The conservative case for liberal immigration

The leading opponents of immigration are conservatives. I find this especially striking because immigration controls run afoul of conservatives’ most basic principles. I present here an argument that immigration control is immoral as currently practiced. I argue that immigration should be greatly liberalized to allow in many more people. I also explain how this position is consistent with conservatism.

Non-aggression principle
A large part of the reason that conservatives wrongly support immigration control is confusion over what immigration control is. Immigration control is often referred to as “defending the border” and the illegal immigrants are referred to as “invaders.” This is a mistake. To defend something, you must own it. And to invade a place, you must gain access to it through force. Are the people who talk this way suggesting that the land in America is owned by the government? Since conservatives value private property and individual rights, they should be among the last people to advance such a position.

To complete the idea, illegal immigrants do not apply force to anyone upon crossing the border. It is the government that is applying force to the immigrants. The appropriate characterization of immigration control is therefore aggression.

This leads me to the first reason conservatives should support open borders: it is consistent with the non-aggression principle, a principle which is central to conservatism. The non-aggression principle states that it is wrong to initiate force against another person. Since immigration control is the initiation of force against another, it is wrong.

Deaths on the border
The second reason to support open borders is that immigration control unjustly imposes significant harms on immigrants. The most damning piece of evidence on this point is the number of immigrants who have died attempting to cross the southern border. In the 1990s, the U.S. implemented heightened immigration controls in populated areas along the border around San Diego and El Paso. This pushed the flow of illegal immigrants toward the desert and mountains. The effect of this push was to substantially increase the number of migrants who died crossing the border.

In 1994, the year prior to this enhanced enforcement in San Diego, 23 migrants died attempting to cross into California. According to data from the Mexican Ministry of Foreign Relations, that number had risen to 140 deaths in 2000. The American Civil Liberties Union released a report in 2009 which estimated there were more than 5,000 migrant deaths in the prior 15 years on the U.S.-Mexico border. Evidence from Mexican Consulates shows a dramatic rise in the 1990s in the number of immigrants who died of “environmental causes” such as hypothermia, dehydration and heat stroke, all a result of the U.S. government’s efforts to push migrants to remote areas.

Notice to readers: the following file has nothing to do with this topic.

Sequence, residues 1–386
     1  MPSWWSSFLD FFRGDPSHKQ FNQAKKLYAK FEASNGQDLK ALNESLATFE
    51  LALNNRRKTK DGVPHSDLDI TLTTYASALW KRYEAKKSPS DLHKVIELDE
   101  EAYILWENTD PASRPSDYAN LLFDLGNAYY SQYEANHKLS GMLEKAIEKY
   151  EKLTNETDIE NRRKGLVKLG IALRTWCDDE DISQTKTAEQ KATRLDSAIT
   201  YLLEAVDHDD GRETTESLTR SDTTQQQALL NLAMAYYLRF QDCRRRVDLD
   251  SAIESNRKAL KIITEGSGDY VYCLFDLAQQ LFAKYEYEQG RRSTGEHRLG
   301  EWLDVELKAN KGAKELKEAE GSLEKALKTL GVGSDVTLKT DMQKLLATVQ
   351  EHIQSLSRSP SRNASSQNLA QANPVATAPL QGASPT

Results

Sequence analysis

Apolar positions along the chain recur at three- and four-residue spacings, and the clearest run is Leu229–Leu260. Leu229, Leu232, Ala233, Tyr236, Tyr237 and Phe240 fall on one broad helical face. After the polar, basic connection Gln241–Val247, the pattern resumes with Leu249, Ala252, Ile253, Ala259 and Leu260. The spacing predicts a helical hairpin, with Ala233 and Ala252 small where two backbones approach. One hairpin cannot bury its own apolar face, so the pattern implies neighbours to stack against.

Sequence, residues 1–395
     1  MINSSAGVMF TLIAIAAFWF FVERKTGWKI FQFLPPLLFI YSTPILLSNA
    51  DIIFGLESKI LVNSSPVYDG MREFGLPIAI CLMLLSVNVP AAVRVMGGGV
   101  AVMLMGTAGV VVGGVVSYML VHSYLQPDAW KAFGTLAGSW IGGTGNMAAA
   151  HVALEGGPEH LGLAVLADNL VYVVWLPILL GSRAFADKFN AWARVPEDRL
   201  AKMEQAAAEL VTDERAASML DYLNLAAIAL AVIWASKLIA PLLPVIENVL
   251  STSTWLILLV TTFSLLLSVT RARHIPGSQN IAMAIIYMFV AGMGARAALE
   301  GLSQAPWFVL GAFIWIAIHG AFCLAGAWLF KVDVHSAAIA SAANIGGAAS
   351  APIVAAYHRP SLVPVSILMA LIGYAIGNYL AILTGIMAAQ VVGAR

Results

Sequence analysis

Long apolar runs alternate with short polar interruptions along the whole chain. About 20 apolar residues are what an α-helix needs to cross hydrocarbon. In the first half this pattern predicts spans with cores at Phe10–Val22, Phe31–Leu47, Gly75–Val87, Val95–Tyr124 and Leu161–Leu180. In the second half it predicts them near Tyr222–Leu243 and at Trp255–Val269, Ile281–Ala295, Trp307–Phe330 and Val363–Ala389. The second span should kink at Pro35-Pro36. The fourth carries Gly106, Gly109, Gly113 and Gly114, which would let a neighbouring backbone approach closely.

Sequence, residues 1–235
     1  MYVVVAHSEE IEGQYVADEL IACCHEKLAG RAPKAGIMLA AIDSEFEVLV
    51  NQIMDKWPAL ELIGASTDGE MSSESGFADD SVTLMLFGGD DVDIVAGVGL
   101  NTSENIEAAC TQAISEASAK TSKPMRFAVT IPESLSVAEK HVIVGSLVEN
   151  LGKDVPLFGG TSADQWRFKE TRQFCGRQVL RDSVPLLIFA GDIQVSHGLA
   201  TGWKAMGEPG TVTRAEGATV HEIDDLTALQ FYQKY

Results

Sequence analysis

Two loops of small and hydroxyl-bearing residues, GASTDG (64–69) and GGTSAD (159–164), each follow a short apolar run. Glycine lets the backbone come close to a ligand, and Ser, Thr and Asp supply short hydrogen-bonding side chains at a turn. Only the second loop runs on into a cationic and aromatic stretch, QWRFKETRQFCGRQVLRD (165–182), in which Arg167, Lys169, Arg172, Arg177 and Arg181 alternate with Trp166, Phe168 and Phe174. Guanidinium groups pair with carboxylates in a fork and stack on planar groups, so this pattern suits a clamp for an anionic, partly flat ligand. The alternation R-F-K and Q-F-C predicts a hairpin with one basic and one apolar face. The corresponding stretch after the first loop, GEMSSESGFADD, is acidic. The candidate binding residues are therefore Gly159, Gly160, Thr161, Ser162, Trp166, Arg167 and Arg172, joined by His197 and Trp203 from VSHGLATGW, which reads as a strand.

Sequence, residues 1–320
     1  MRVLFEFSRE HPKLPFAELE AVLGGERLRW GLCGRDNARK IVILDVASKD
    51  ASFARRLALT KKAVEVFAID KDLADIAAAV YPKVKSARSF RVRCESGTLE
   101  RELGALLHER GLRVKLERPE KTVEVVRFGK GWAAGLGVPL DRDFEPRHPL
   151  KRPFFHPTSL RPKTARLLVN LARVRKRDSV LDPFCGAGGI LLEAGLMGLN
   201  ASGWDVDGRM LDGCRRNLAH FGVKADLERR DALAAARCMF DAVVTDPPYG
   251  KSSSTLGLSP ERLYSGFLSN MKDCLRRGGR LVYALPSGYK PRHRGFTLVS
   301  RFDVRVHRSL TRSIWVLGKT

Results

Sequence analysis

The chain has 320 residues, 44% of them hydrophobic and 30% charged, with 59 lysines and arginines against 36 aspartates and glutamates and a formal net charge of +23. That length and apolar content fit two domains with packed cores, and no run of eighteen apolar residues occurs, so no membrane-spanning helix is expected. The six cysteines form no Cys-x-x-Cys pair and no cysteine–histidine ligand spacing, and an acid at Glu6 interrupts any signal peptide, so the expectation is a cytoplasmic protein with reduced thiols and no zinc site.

Migration and poverty
Why would so many immigrants take such risks just to enter another country? The answer becomes obvious when you look at their prospects. Michael Clemens is a researcher at the Center for Global Development and focuses on how international migration affects those in the developing world. For many of the Earth’s inhabitants, moving to the United States means leaving a life of poverty for one of prosperity. Clemens and his colleagues Claudio Montenegro and Lant Pritchett analyzed a data set of 2 million workers from 42 developing countries to look for factors that would alter a person’s wages in those countries. They found that people from the developing world can expect their wages to double simply by immigrating to the United States. A Peruvian’s wages are 2.6 times greater upon entering America and a Haitian’s wages jump an astonishing seven-fold. An even more amazing figure is that, of 100 Mexicans who have escaped poverty ($10 a day), 43 of them have done so by immigrating to the United States. Of 100 Haitians who have escaped poverty, 82 accomplished the feat in the land of the free.